The Prime Minister said that though he hoped some venues could begin to open within months, the UK should ‘not be driven by economic necessity’.
Pubs and bars are still “in limbo” following Boris Johnson’s announcement that parts of the hospitality sector must remain closed until at least July.
The Prime Minister said that though he hoped some venues could begin to open within months, subject to conditions and scientific advice, the UK should “not be driven by economic necessity”.
Industry bosses have expressed dismay at being “first in and last out” of lockdown, and say that if restrictions last until the end of summer, thousands of businesses could close down permanently.
Others say that more detail is needed on how the Government plans to ease restrictions, and acknowledged that it could be up to 12 weeks before even a “partial awakening” of the sector.
In his address on Sunday evening, Mr Johnson set out the steps in which measures would be modified, the last of which addressed the hospitality sector.
“At the earliest by July – and subject to all these conditions and further scientific advice; if and only if the numbers support it, we will hope to re-open at least some of the hospitality industry and other public places, provided they are safe and enforce social distancing,” he said.
“Throughout this period of the next two months, we will be driven not by mere hope or economic necessity.
“We are going to be driven by the science, the data and public health.”
But officials stressed that pubs were unlikely to be allowed to start serving drinkers again in July, with pavement cafes and other outdoor venues likely to be the first parts of the hospitality sector to reopen.
The British Beer & Pub Association (BBPA) has warned that up 40% of Britain’s pubs cannot survive beyond September with the current level of financial support being offered by the Government.
It estimates that almost 19,000 pubs may not be able to reopen following the coronavirus crisis.
Emma McClarkin, chief executive of the BBPA, said despite looking for a “glimmer of hope”, the industry now faced further weeks of uncertainty.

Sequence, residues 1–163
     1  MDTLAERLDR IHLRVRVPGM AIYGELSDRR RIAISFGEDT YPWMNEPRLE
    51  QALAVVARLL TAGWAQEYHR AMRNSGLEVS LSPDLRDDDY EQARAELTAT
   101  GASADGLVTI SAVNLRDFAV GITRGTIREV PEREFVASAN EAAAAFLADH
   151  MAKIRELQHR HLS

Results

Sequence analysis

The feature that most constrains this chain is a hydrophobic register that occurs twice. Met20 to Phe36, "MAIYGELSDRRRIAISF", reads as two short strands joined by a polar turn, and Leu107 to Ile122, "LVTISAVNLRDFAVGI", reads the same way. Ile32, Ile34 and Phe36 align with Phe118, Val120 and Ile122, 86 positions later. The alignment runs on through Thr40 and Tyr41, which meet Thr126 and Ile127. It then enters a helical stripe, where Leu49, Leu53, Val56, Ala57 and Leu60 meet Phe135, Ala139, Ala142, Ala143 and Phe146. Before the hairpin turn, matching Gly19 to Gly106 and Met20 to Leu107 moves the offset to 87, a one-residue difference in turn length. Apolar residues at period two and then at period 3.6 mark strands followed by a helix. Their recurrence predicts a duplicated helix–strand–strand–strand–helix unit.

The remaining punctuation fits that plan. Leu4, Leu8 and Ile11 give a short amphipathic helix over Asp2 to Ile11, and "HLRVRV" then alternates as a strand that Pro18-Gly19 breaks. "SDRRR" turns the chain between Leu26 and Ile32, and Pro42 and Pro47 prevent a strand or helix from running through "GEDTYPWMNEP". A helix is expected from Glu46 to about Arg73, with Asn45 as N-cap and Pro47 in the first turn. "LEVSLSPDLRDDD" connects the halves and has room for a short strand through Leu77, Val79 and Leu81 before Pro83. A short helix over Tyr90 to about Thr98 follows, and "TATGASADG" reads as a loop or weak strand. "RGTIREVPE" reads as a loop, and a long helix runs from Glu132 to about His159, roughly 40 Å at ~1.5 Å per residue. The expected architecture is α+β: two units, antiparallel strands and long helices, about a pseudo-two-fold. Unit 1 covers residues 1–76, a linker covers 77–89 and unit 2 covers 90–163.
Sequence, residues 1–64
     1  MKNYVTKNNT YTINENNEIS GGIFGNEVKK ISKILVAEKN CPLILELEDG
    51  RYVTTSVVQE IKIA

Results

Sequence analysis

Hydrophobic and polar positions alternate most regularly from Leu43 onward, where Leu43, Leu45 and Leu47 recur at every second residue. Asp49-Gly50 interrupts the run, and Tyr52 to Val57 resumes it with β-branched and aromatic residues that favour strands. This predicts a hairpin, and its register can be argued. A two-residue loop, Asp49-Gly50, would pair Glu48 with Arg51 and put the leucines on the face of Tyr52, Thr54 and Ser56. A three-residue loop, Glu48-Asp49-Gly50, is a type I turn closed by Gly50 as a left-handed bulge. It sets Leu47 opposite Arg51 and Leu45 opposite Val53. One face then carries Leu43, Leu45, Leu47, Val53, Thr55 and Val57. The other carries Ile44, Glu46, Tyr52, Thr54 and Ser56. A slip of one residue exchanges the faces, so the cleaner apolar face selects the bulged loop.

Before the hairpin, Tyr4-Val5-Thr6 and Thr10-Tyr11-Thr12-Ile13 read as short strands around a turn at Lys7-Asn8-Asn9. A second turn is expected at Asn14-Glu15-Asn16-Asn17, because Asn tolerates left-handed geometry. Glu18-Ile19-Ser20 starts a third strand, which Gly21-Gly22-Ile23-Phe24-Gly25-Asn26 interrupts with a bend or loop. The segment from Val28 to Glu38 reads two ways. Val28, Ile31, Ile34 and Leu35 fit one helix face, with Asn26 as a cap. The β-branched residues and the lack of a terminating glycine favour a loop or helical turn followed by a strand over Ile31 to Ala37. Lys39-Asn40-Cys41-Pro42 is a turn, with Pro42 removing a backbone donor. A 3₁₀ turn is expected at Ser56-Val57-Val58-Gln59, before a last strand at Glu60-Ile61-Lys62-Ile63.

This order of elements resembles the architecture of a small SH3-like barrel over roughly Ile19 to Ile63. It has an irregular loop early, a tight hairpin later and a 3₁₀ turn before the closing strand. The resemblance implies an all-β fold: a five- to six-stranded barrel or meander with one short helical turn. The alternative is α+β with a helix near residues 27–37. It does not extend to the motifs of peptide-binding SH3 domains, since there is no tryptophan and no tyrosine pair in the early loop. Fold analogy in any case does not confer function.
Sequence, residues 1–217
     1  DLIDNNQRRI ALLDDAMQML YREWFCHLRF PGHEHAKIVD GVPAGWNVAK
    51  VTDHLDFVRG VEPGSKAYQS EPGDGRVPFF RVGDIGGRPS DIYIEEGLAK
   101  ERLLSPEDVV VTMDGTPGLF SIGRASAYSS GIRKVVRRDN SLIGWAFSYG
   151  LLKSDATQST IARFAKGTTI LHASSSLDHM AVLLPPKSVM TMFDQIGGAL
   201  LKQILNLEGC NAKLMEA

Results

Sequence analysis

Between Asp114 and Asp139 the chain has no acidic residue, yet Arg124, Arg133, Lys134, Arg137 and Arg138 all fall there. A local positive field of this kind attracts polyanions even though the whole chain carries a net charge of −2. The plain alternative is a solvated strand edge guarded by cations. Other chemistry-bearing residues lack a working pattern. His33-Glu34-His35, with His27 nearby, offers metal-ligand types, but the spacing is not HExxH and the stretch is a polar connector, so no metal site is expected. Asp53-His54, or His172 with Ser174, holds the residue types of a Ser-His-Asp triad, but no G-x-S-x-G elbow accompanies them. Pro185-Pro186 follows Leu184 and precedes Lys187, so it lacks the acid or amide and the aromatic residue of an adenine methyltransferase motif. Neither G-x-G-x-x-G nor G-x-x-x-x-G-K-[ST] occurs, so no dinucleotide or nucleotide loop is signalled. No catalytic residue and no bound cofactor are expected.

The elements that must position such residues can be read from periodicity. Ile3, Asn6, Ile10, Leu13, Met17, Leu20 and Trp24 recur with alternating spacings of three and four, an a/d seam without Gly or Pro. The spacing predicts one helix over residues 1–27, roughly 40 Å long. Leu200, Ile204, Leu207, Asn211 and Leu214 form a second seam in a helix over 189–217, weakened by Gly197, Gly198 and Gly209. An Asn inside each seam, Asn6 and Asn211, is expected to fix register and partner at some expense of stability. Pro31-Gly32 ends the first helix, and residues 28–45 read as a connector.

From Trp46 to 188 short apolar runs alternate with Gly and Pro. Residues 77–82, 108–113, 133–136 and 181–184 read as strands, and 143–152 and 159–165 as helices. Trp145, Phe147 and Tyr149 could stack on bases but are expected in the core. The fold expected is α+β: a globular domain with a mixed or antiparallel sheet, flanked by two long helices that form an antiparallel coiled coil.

“With insufficient clarity as to when pubs will reopen, our sector remains in limbo and facing severe uncertainty and financial devastation,” she said.
“If Government plans to keep pubs closed until the final phase of release, as rumoured, this would make pubs first in and last out of lockdown.
“Despite this, the Government hasn’t outlined any specific additional financial support for pubs to assure and help them through the extended lockdown hardship they face.
“We understand that pubs should only open when safe to do so, but extending the lockdown without offering additional support will be devastating.”
She added that the closure of so many “social hubs” would result in “immeasurable damage to the wellbeing of our nation”.
James Calder, chief executive of the Society of Independent Brewers (Siba) said: “This is a marathon, not a sprint and we continue to be at the core of discussions with Government about how our heritage, our culture and our right to have a good pint in a good pub is maintained for the long term.
“We will of course not put any pressure on Government to open pubs and taprooms ahead of when it is safe to do so.
“But we will put pressure where it is needed to ensure our sector has a fighting chance of survival.”